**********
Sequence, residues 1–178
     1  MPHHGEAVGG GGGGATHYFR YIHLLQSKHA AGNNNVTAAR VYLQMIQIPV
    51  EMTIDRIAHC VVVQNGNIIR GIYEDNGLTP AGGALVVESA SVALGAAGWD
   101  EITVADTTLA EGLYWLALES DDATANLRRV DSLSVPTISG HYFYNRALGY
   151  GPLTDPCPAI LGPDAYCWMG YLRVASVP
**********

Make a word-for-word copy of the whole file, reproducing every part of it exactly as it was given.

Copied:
Sequence, residues 1–178
     1  MPHHGEAVGG GGGGATHYFR YIHLLQSKHA AGNNNVTAAR VYLQMIQIPV
    51  EMTIDRIAHC VVVQNGNIIR GIYEDNGLTP AGGALVVESA SVALGAAGWD
   101  EITVADTTLA EGLYWLALES DDATANLRRV DSLSVPTISG HYFYNRALGY
   151  GPLTDPCPAI LGPDAYCWMG YLRVASVP